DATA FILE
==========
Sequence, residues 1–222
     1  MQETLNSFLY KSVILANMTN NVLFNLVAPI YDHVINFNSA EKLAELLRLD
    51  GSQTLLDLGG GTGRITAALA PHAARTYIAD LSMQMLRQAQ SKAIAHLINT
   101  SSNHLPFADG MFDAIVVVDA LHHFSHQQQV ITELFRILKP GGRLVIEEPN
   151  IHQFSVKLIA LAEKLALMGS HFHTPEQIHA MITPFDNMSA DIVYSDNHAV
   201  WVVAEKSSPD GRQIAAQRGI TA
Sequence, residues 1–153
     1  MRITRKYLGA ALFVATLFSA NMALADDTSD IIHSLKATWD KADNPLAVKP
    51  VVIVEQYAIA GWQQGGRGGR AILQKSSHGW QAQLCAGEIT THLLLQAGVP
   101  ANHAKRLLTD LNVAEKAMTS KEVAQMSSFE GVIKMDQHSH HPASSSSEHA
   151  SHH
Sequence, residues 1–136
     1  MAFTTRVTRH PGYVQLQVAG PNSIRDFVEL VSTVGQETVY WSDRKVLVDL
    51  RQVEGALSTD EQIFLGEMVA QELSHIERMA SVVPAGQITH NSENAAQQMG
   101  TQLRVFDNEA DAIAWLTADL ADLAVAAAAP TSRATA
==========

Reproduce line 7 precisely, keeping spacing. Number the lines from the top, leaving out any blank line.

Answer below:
Sequence, residues 1–153